Whether it’s ISIS recruiting videos or porn, it’s not news that the YouTube monetizes whatever drek gets uploaded to the site. Now, according to a new report by Digital Citizens Alliance (DCA)*, YouTube is also infested with videos promoting RATS (Remote Access Trojans).
RATS are used by hackers to install malware that takes over computers of unsuspecting internet users. According to the “Selling Slaving” report by the DCA, their targets are often the young:
…are actively looking to take over the computers, called “slaving,” of young girls and boys—and then selling that information online. In effect, they are selling access to our children’s bedrooms.
How does the growth of this illicit spying activity link back to YouTube? As is the case with terrorist recruiting videos, YouTube also offers unsavory creeps a worldwide portal that makes it easy to spread their criminal wares via video. To add insult to injury, these videos are often monetized, meaning YouTube and the hackers not only spread information on this unsavory activity, but also make money from it.
The tutorials included many that showed how to use and spread RATs; links where ratters could download the malware; and examples of RATs successfully deployed showing victims’ faces and IP addresses…Roughly 38 percent of the tutorials for the best-known RATs had advertisements running alongside the videos. The advertising we found included well-known car companies, cosmetics, and even tickets to New York Yankees’ baseball games. YouTube’s parent company, Google, is positioned to get revenue from the sharing of these malicious tutorials that target innocents. –DCA report
The fact Google is making money off garbage is nothing new, but lately a number of online businesses (like Reddit) have been forced to reexamine their “anything goes” policy when it comes to what content to allow online. The question is to ask in the case of YouTube RATS is why can’t Google do a better with housekeeping?
In a recent New York Times piece, “Limits at Gawker? Rules at Reddit? Wild West Web Turns a Page,” Jonathan Mahler wrote about a maturing web.
There has been no shortage of discussion about how legacy media companies will find their way forward in the digital age. But in trying to recalibrate their identities, Gawker and Reddit are demonstrating that digital media companies are struggling to manage a difficult transition of their own — from financially underachieving, if popular, start-ups to thriving, mature businesses.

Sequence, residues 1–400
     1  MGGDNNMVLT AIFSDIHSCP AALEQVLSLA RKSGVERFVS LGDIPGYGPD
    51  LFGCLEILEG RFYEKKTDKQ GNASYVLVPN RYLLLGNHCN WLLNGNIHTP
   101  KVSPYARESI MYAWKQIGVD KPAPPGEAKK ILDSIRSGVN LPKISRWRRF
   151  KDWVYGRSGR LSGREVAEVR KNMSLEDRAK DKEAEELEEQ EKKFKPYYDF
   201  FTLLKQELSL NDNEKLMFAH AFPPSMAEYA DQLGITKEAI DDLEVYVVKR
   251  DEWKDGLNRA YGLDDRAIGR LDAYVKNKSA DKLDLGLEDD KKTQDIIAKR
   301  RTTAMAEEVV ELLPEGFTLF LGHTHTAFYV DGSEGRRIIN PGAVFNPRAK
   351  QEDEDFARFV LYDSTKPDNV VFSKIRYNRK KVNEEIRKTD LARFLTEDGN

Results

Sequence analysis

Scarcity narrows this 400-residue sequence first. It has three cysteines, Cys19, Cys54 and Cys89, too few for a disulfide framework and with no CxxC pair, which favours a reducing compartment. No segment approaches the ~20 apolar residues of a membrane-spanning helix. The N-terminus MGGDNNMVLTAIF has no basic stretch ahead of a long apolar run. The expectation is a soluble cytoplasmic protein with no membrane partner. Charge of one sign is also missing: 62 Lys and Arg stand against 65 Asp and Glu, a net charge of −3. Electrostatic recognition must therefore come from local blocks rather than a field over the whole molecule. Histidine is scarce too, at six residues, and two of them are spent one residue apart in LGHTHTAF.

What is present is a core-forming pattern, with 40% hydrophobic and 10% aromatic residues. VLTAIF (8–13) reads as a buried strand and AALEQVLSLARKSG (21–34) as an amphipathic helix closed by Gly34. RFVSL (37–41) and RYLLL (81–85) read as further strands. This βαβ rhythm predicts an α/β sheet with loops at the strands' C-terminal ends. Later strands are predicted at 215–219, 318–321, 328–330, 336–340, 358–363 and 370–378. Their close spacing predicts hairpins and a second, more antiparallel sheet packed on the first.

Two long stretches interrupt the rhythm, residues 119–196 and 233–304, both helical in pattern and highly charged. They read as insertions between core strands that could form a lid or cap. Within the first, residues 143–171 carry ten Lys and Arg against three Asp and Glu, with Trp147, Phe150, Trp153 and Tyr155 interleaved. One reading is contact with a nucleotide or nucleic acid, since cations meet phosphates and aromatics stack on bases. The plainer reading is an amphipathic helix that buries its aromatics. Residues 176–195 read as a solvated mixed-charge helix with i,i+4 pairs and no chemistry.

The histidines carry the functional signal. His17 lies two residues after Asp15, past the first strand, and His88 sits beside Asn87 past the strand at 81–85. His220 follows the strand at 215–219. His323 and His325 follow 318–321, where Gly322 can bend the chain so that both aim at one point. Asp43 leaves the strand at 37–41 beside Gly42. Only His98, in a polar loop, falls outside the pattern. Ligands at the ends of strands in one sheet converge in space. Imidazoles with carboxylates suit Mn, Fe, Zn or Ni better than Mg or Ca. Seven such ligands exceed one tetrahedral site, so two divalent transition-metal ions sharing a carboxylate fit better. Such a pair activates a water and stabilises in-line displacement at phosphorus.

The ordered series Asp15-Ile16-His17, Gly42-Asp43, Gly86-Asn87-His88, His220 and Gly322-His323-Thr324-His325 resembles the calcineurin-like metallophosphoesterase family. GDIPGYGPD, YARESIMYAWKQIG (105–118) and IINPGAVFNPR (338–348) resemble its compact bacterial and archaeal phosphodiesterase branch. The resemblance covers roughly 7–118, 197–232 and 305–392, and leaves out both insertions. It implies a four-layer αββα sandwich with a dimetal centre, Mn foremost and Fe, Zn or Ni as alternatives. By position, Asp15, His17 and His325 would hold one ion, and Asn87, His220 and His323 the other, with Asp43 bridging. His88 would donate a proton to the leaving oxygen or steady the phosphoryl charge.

“This feels like a moment of reckoning to me,” said Vivian Schiller, the former head of news at Twitter who was previously an executive at The New York Times. “We’re moving from the early days of ‘We’re free to write or post whatever we want,’ to the reality of building a business.”
With this latest DCA report in mind, and the fact that other dubious YouTube users earn income off the filth they spread, one wonders if Google will make better business decisions going forward. The DCA reports suggests a way forward for YouTube’s parent:
A solution exists, but it will require Google to change the way it approaches this issue. When Google is serious about solving a problem, it assigns a human team to do what an algorithm clearly can’t. Bringing in human teams helped block tens of thousands of search queries for child pornography and to ensure the quality of apps on Google Play. Hacking victims deserve the same concern and protection. Google should assign a human team to reviewing these videos and immediately cease advertising on such video platforms. These victims should not be clickbait and ad revenues from slaving tutorial videos can’t be worth the pain and suffering they cause. [emphasis added]
However, if past history is any indication, Google will likely continue to deflect and dodge. If they do, they risk further damage to its brand. The DCA report ends with this observation and a quote from a Ratter’s victim asking that Google do more to eradicate this insidious infestation on YouTube:
If Google continues to sell ads beside slaving videos, can it claim Internet freedom as a defense? If one of the world’s most admired companies takes a stand against slaving, others will follow. Perhaps the best advice on how the company could handle that question came from Cassidy Wolf, who said she would tell Google: “They need to put themselves in (the victim’s) shoes… and imagine if it was their daughter that was being watched in their room and now its being promoted on YouTube and the people that are doing this are making money of this and Google is making money off of this. Honestly, I would just tell them to put themselves in the victim’s shoes and imagine if this was happening to them.”
Once again, the ball is in Google’s court.
*full disclosure-I’m a member of the DCA’s Advisory Board